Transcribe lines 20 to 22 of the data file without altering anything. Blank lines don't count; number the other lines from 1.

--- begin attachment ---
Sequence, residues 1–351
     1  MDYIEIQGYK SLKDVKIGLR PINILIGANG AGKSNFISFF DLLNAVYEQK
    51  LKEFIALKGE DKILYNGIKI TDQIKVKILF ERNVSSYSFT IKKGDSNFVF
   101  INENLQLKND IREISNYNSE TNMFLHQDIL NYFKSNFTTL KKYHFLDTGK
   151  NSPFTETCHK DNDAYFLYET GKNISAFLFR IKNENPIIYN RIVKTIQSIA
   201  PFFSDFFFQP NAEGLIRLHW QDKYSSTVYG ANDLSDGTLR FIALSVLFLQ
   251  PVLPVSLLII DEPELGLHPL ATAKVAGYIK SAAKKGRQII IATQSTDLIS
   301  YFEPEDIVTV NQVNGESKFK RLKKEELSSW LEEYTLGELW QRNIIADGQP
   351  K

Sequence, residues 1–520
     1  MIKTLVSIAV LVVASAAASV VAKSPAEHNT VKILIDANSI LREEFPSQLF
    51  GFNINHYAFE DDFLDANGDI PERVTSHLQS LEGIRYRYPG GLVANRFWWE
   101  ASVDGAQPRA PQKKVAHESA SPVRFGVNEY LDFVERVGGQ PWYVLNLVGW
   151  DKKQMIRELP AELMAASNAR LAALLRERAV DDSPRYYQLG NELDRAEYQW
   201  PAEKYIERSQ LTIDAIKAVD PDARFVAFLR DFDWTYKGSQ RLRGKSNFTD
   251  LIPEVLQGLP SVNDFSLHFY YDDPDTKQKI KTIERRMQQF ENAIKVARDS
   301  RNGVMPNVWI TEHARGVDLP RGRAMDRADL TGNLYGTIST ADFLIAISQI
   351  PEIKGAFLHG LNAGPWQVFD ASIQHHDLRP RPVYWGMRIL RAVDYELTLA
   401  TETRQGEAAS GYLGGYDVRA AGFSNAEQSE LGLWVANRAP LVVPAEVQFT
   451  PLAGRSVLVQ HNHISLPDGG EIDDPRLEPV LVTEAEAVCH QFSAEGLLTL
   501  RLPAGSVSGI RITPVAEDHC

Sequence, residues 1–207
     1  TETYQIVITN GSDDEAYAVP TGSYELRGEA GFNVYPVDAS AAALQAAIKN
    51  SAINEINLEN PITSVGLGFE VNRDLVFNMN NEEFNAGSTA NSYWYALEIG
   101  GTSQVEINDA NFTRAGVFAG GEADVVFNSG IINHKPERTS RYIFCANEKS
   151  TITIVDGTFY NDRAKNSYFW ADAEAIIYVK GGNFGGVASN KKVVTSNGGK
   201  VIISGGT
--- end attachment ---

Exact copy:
   451  PLAGRSVLVQ HNHISLPDGG EIDDPRLEPV LVTEAEAVCH QFSAEGLLTL
   501  RLPAGSVSGI RITPVAEDHC

Sequence, residues 1–207